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The Canterbury Tales: The Miller's Tale

The Canterbury Tales: The Miller's Tale


by Geoffrey Chaucer

The Canterbury Tales: The Miller's Tale Religion Quotes

How we cite our quotes: Citations follow this format: (Line). We used the line numbering found on Librarius's online edition.

Quote #1

And all above there lay a gay sautrie,
On which he made a-nyghtes melodie
So swetely that all the chambre rong;
Angelus ad virginem he song.

It's not likely that Nicholas is singing a holy song out of a true feeling of piety. Instead, he's probably just showing off, which would be more in accord with his character.

Quote #2

This Nicholas gan mercy for to crye,
And spak so faire, and profred him so faste,
That she hir love hym graunted atte laste,
And swoor hir ooth, by seint Thomas of Kent,
That she wol been at his comandement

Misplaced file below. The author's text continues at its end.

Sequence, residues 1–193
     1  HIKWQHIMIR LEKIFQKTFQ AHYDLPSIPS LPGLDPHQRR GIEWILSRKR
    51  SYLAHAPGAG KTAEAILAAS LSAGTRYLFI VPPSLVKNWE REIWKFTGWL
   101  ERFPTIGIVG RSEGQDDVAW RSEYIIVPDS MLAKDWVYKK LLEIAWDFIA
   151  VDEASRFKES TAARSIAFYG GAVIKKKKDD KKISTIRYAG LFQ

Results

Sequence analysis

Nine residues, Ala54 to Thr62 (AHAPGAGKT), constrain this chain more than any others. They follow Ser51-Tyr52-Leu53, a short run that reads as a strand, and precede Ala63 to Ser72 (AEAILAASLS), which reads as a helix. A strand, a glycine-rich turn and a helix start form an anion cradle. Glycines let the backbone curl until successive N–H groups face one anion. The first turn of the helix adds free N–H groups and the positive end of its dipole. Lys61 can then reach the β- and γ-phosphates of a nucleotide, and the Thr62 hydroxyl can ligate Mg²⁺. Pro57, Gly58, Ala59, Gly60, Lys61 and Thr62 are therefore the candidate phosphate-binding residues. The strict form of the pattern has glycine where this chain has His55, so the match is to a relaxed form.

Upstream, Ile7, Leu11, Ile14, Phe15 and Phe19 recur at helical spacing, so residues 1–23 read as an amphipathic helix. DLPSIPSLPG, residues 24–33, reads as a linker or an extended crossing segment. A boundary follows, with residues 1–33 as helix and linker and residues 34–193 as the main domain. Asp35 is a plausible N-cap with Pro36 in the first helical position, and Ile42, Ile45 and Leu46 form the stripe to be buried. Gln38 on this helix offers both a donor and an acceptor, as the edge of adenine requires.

Alisoun's swearing to cheat on her husband by Saint Thomas of Kent emphasizes the audacity of the act. It also foreshadows the moment when religion again plays a role in sexual sin: Absolon's lustful longing for Alisoun when he meets her in the parish church.

Quote #3

Thanne fil it thus, that to the paryssh chirche,
Cristes owene werkes for to wirche,
This goode wyf went on a haliday

The irony of these lines, of course, is that the work Alisoun ends up doing at the parish church is not "Cristes owene werkes," but the captivation of Absolon's attention.

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